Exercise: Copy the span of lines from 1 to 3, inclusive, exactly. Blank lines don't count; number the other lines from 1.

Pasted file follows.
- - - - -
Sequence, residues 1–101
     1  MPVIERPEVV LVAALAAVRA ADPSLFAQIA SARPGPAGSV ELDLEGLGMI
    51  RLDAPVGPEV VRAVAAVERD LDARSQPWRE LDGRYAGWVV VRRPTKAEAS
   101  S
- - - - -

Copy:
Sequence, residues 1–101
     1  MPVIERPEVV LVAALAAVRA ADPSLFAQIA SARPGPAGSV ELDLEGLGMI
    51  RLDAPVGPEV VRAVAAVERD LDARSQPWRE LDGRYAGWVV VRRPTKAEAS